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Victorian Studies 45.1 (2002) 121-147

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Fair Enterprise or Extravagant Speculation:
Investment, Speculation, and Gambling in Victorian England

David C. Itzkowitz


When I was young, people called me a gambler. As the scale of my operations increased I became known as a speculator. Now I am called a banker. But I have been doing the same thing all the time.

--Sir Ernest Cassell, banker to Edward VII (qtd. in Chancellor ix)

As Cassell's humorous observation suggests, the line that separates gambling from other forms of financial risk has never been easy to draw, but that has not stopped people from trying to draw it. The economic historian Roger Munting, for example, devotes several pages of his study of British and American gambling to an examination of the question of whether market speculation should be defined as gambling, finally concluding, for very technical reasons, that it should not (1-3). But the need to draw that line has been more urgent at some times than others, and the choice of just where to draw it has varied as well. There seems to have been little urgency during the eighteenth century, for example. The English State Lottery, which operated from 1694 to 1826, combined, in its earliest years, the features of a lottery and a government bond to almost no one's distress (Ewen; Richards). On the other hand, drawing the line between gambling and other forms of financial risk had particular urgency during the Victorian period. The great expansion of the commercial economy that characterized the nineteenth century and particularly the developments that followed the passage of the Limited Liability Act of 1855 and the Companies Acts of 1856 and 1862 led, by the late Victorian period, to middle- and upper-class England becoming, in the words of George Robb, a "nation of shareholders" (3). By the end of the century, roughly two-fifths of the national wealth was invested in company shares and large numbers of upper- and middle-class people lived off dividends and interest from shares and other securities (91, 181). But as G. R. [End Page 121] Searle has argued, this great expansion was accompanied by a desire that capitalism possess a moral component (xi, 22), and, for many Victorians, gambling was of questionable morality at best, even though a gambling industry flourished in late-Victorian England. In her study of nineteenth-century American gambling, Ann Fabian has argued that the construction of the nineteenth-century capitalist economy required the exclusion of those who gambled from what came to be seen as legitimate economic activity. Paradoxically, however, she argues, this process led to the legitimization of a new kind of gambling. "Gambling," she writes,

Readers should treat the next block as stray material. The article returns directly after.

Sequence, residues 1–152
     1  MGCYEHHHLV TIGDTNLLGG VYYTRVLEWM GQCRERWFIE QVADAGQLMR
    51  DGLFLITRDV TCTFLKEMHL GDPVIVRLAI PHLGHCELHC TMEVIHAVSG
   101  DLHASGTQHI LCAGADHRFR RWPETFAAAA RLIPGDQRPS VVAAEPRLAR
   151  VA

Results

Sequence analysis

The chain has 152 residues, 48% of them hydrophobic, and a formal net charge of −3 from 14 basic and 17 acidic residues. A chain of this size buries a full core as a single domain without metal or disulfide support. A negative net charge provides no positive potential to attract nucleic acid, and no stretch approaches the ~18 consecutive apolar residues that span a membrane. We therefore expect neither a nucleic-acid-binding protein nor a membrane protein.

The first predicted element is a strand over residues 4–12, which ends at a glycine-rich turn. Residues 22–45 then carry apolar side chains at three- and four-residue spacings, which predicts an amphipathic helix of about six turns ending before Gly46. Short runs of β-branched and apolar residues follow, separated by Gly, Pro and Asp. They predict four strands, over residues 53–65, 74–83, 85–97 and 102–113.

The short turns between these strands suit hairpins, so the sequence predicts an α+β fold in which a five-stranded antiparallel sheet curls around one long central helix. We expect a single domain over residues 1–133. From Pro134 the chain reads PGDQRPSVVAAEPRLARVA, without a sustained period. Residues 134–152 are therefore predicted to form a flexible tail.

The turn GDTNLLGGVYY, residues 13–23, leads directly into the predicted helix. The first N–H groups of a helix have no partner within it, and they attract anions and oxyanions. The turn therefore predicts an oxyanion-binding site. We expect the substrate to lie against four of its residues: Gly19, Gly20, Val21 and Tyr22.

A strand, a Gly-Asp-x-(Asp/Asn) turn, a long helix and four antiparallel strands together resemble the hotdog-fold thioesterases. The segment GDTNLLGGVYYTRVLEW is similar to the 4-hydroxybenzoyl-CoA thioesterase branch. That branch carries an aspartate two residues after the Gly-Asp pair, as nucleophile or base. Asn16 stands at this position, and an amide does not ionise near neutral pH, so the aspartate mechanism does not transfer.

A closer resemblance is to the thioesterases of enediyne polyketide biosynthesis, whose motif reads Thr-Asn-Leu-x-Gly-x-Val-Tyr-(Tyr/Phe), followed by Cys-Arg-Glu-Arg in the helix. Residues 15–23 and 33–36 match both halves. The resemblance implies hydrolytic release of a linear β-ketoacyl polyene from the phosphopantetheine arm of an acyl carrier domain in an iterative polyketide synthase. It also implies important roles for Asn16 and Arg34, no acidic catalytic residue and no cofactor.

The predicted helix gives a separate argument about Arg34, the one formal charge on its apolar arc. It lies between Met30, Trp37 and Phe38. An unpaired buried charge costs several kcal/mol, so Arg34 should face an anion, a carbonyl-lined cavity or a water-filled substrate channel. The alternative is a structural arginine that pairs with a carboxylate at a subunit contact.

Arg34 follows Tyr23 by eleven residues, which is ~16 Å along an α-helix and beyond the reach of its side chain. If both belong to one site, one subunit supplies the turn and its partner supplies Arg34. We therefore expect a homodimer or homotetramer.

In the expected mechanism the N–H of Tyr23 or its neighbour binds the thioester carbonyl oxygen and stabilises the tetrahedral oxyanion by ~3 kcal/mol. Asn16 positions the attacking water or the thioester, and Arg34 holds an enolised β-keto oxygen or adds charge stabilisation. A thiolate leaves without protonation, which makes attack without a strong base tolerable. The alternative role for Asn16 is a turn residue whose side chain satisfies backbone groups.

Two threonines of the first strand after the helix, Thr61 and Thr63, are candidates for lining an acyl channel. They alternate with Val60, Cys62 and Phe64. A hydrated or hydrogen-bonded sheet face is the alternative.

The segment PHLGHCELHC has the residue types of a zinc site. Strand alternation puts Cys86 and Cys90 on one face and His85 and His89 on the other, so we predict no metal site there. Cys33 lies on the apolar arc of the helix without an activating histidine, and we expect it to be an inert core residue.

was marginalized only to be domesticated at the end of the century, when risk and rapid gain reappeared as essential ingredients in rational capitalist speculation. The "new" gamblers, who profited from the operations of stock and commodities exchanges, presented themselves as virtuous, rational citizens by delineating their differences from the "old" evil gamblers [...]. For the speculation to stay, the gambling had to go. (Fabian 3, 61)

This essay argues that a similar, but not identical, process was occurring in Victorian England. As was the case in America, speculative trading would only be accepted once it was purged of an association with gambling. This purging was essentially accomplished by the 1860s, and, henceforth, speculation increasingly came to be seen as a reputable economic activity and speculators as respectable economic actors. But the situation in England was to be complicated by the development, in the 1870s, of two new industries—one financial, the other sporting— that created a renewed convergence of gambling and speculation and that called into question the separation that had been so carefully drawn. A new breed of speculative brokers, known pejoratively as "bucket-shop keepers," using language, advertising techniques, and appeals that were suspiciously like those being offered by a new breed of sporting bookmakers, were offering a growing public the opportunity to become engaged in the world of speculative finance at relatively little cost...


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